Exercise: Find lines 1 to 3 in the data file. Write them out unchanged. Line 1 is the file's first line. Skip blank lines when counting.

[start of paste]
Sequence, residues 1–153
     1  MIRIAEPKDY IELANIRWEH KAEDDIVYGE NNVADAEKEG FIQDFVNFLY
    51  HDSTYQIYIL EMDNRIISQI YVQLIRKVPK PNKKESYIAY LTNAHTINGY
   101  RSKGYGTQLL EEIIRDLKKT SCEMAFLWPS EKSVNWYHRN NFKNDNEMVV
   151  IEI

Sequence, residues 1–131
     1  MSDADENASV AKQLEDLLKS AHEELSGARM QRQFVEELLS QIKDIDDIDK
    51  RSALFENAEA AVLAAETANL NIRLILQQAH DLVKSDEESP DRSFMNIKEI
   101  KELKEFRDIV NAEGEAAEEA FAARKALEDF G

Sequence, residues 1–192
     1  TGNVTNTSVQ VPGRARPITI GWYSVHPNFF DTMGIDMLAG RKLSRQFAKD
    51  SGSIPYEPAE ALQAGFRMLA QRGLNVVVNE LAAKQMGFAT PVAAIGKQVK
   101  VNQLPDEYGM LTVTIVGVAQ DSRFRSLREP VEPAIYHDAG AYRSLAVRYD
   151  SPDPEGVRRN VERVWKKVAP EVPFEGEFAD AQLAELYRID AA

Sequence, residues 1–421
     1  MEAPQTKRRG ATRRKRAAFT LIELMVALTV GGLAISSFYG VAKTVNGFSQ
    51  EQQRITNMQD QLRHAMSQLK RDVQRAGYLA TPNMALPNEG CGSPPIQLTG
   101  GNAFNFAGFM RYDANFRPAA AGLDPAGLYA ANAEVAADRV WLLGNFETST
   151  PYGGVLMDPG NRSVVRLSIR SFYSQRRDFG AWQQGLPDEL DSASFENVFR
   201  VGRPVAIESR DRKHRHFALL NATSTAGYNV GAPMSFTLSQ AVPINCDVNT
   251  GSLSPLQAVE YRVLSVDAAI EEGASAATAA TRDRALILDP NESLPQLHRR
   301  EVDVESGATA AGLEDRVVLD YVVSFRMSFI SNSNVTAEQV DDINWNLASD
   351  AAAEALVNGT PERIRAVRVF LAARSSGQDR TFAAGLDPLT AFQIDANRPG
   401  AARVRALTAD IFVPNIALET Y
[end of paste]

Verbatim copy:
Sequence, residues 1–153
     1  MIRIAEPKDY IELANIRWEH KAEDDIVYGE NNVADAEKEG FIQDFVNFLY
    51  HDSTYQIYIL EMDNRIISQI YVQLIRKVPK PNKKESYIAY LTNAHTINGY